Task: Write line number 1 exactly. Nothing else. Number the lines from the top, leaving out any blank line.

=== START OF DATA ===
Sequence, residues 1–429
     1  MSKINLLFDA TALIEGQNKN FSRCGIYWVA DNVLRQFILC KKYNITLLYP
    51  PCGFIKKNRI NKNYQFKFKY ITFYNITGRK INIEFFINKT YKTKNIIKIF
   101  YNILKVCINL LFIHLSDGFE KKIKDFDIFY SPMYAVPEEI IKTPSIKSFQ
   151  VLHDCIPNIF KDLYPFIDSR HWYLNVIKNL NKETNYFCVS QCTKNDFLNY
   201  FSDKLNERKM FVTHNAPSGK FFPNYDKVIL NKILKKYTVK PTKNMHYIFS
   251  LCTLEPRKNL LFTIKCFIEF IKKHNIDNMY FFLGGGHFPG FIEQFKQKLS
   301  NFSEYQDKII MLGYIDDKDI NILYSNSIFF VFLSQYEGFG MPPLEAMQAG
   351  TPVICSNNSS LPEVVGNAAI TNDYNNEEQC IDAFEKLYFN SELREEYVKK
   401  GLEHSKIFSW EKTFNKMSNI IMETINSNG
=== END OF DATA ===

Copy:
Sequence, residues 1–429